Public Law 114-119
International Megan’s Law to Prevent Child Exploitation and Other Sexual Crimes Through Advance Notification of Traveling Sex Offender, H.R. 515 (International Megan's Law)
Prime Sponsor: Mr. Christopher H. Smith of New Jersey
Signed by the President Feb. 8, 2016
SUMMARY AND MAIN PROVISIONS
International Megan’s Law to Prevent Child Exploitation and Other Sexual Crimes Through Advance Notification of Traveling Sex Offender, H.R. 515, is a law to protect children in the U.S. and around the world from convicted pedophiles who travel in or out of the United States unbeknownst to law enforcement officials. Signed into law in 2016, the law capped an eight-year effort to enact international notification legislation that draws on current federal and state Megan’s Laws that require public notice when a sex offender moves into a U.S. neighborhood.
The new law, like the domestic notifications laws before it, is named for Megan Kanka, a seven-year-old resident of Congressman Smith’s home town of Hamilton, N.J., who was sexually assaulted and killed in 1994 by a convicted, repeat sex offender living across the street and unknown to the residents in the neighborhood. Public outcry in response to the terrible crime and tireless work by Megan’s parents, Richard and Maureen Kanka, led to the New Jersey State Legislature passing the original Megan’s Law (NJSA 2C: 7-1 through 7-II) in 1994. The law required public notification of convicted sex offenders living in the community. Today all 50 states and all the territories have a Megan's Law, an important tool in preventing more children from becoming victims.
International Megan's Law passed the House several times before being approved by Senate in December 2015. The House unanimously passed the final bill on Feb. 1, 2016 and sent it to the White House on Feb. 4 with the President signing it February 8, 2016.
Smith first introduced the International Megan’s Law bill alongside the Kankas in 2008 in Megan’s Place, the small community park that bears Megan’s name, and worked for passage over the next eight years. He introduced five more versions of the legislation, of which three passed the House but were stalled in the Senate until the most recent bill finally passed both chambers of Congress.
As enacted, International Megan’s Law:
•Streamlines and coordinates the work of the Angel Watch Center with the Sex Offender Targeting Center of the US Marshals Service so that the best information is getting to the right people in the shortest amount of time;
•Makes it a crime, for the first time, for a sex offender to travel abroad without giving 21 days advance notice so that law enforcement has adequate time to vet the traveler and warn the destination country, if needed;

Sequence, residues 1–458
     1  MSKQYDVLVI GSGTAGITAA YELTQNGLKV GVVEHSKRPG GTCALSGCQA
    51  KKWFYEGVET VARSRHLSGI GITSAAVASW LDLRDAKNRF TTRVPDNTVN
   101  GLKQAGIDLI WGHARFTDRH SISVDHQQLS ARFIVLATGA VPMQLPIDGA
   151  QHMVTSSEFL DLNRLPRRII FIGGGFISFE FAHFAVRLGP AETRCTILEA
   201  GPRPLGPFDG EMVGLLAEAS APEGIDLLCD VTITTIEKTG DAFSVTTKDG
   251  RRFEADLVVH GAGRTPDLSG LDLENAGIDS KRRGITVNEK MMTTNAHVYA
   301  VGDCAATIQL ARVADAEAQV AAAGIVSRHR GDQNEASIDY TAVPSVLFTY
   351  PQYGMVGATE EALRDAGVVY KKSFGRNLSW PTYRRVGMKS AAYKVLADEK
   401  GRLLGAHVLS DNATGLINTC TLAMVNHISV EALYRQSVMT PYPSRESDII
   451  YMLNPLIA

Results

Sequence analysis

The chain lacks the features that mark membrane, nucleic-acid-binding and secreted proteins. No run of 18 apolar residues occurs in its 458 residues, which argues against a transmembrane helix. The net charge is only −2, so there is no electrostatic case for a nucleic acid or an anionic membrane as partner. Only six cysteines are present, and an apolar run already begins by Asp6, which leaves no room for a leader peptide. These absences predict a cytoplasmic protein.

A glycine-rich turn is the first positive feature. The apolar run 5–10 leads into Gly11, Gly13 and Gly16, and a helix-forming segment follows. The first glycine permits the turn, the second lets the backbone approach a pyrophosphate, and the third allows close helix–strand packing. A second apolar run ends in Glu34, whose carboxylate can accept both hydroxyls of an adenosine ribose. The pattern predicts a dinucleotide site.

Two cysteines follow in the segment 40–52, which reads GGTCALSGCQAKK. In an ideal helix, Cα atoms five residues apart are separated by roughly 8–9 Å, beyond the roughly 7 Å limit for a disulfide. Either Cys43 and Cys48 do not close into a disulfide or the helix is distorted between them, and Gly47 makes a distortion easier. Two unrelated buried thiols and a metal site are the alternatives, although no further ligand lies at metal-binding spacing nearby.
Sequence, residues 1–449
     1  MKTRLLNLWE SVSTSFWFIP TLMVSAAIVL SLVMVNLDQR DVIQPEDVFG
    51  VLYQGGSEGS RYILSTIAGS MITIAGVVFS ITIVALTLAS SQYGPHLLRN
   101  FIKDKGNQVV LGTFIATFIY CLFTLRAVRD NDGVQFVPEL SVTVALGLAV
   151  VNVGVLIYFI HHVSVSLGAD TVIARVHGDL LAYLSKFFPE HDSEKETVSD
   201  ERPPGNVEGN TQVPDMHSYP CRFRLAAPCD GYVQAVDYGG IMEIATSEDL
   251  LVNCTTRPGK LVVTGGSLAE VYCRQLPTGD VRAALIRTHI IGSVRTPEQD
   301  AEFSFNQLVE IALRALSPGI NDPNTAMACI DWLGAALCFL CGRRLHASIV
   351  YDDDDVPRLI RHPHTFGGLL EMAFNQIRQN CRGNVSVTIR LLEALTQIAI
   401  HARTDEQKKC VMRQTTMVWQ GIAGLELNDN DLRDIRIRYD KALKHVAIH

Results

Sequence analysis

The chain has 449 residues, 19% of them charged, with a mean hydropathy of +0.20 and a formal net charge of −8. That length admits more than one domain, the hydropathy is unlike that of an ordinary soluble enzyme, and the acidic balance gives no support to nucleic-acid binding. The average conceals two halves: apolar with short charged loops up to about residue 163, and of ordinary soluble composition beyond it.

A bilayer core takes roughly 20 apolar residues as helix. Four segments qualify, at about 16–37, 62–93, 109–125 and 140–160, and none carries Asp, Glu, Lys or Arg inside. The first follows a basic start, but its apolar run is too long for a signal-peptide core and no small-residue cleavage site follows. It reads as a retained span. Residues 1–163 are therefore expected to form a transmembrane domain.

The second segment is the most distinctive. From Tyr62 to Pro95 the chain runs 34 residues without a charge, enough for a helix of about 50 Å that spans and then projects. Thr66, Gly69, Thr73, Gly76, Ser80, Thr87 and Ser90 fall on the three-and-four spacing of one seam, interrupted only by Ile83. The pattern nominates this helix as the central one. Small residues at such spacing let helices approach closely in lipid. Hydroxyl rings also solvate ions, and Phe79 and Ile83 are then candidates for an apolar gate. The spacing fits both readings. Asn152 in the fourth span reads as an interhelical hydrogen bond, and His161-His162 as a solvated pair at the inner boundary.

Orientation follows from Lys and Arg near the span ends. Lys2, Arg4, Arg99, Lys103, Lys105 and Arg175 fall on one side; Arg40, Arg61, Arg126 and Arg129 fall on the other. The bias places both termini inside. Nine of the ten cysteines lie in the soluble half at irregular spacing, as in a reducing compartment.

•Mandates that the State Department, in consultation with the Departments of Homeland Security and Justice, establish, within 90 days, a program for issuing a passport provision on a traveling sex offender with an offense against a child and current duty to register, thereby preventing circumvention of the notification system by travelers who misreport which countries they will visit;
•Requires federal agencies to properly collect notification response data to understand which countries are working with the U.S. on preventing re-offense by child predators;
•Provides the authority for both the Angel Watch Center and the US Marshals Service to receive information from other countries about pedophiles intending to travel to the U.S.;
•Clarifies the receipt and sharing within U.S. law enforcement of incoming notifications on known sex offenders traveling to the U.S., and;
•Directs the Secretary of State, in coordination with the Attorney General and Secretary of Homeland Security, to seek agreements and use technical assistance with other countries so that the United States is notified in advance of incoming foreign sex offenders.
The new International Megan’s Law will work in conjunction with America’s landmark anti-human trafficking law, the Trafficking Victims Protection Act of 2000 authored by Smith, and the two other trafficking laws he wrote in 2003 and 2005.
According to a 2010 report by the Government Accountability Office entitled “Current Situation Results in Thousands of Passports Issued to Registered Sex Offenders,” at least 4,500 U.S. passports were issued to registered sex offenders in fiscal year 2008. Typically a U.S. passport is valid for 10 years. The GAO emphasized that its numbers were probably understated due to the limitations of the data that it was able to access and analyze.
Estimates from the International Labor Organization indicate that 1.8 million children are victims of commercial sexual exploitation around the world every year.
Text of International Megan's Law Act.